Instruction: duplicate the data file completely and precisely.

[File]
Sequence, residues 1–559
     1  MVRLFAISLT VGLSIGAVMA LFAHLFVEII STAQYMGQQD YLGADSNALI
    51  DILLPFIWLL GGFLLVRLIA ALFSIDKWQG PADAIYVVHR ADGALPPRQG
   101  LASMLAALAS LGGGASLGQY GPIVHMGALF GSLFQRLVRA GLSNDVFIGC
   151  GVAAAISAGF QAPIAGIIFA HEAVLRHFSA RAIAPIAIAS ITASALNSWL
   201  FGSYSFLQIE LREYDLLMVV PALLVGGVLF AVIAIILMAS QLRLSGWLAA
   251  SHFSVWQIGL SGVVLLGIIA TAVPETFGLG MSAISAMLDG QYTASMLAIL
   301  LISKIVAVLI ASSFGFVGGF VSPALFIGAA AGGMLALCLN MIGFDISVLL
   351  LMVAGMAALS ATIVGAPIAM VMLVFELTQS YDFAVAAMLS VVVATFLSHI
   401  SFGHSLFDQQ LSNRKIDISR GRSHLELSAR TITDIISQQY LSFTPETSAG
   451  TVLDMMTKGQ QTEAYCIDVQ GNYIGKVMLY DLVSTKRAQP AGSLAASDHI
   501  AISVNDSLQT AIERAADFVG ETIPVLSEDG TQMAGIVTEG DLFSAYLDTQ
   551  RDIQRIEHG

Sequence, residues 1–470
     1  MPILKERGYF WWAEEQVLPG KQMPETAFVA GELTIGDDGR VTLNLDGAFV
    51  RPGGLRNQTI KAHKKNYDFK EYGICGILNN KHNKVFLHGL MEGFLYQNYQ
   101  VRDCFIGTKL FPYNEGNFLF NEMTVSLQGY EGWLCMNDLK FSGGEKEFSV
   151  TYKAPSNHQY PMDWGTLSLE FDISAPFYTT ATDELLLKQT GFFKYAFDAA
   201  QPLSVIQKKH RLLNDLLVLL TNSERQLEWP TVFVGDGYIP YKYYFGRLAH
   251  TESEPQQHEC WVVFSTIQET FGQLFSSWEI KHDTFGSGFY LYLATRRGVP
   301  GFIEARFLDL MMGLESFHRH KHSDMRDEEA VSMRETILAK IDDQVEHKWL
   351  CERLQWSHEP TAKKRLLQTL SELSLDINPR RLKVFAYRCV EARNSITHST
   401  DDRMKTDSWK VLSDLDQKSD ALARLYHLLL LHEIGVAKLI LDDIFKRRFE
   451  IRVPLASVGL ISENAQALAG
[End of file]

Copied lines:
Sequence, residues 1–559
     1  MVRLFAISLT VGLSIGAVMA LFAHLFVEII STAQYMGQQD YLGADSNALI
    51  DILLPFIWLL GGFLLVRLIA ALFSIDKWQG PADAIYVVHR ADGALPPRQG
   101  LASMLAALAS LGGGASLGQY GPIVHMGALF GSLFQRLVRA GLSNDVFIGC
   151  GVAAAISAGF QAPIAGIIFA HEAVLRHFSA RAIAPIAIAS ITASALNSWL
   201  FGSYSFLQIE LREYDLLMVV PALLVGGVLF AVIAIILMAS QLRLSGWLAA
   251  SHFSVWQIGL SGVVLLGIIA TAVPETFGLG MSAISAMLDG QYTASMLAIL
   301  LISKIVAVLI ASSFGFVGGF VSPALFIGAA AGGMLALCLN MIGFDISVLL
   351  LMVAGMAALS ATIVGAPIAM VMLVFELTQS YDFAVAAMLS VVVATFLSHI
   401  SFGHSLFDQQ LSNRKIDISR GRSHLELSAR TITDIISQQY LSFTPETSAG
   451  TVLDMMTKGQ QTEAYCIDVQ GNYIGKVMLY DLVSTKRAQP AGSLAASDHI
   501  AISVNDSLQT AIERAADFVG ETIPVLSEDG TQMAGIVTEG DLFSAYLDTQ
   551  RDIQRIEHG

Sequence, residues 1–470
     1  MPILKERGYF WWAEEQVLPG KQMPETAFVA GELTIGDDGR VTLNLDGAFV
    51  RPGGLRNQTI KAHKKNYDFK EYGICGILNN KHNKVFLHGL MEGFLYQNYQ
   101  VRDCFIGTKL FPYNEGNFLF NEMTVSLQGY EGWLCMNDLK FSGGEKEFSV
   151  TYKAPSNHQY PMDWGTLSLE FDISAPFYTT ATDELLLKQT GFFKYAFDAA
   201  QPLSVIQKKH RLLNDLLVLL TNSERQLEWP TVFVGDGYIP YKYYFGRLAH
   251  TESEPQQHEC WVVFSTIQET FGQLFSSWEI KHDTFGSGFY LYLATRRGVP
   301  GFIEARFLDL MMGLESFHRH KHSDMRDEEA VSMRETILAK IDDQVEHKWL
   351  CERLQWSHEP TAKKRLLQTL SELSLDINPR RLKVFAYRCV EARNSITHST
   401  DDRMKTDSWK VLSDLDQKSD ALARLYHLLL LHEIGVAKLI LDDIFKRRFE
   451  IRVPLASVGL ISENAQALAG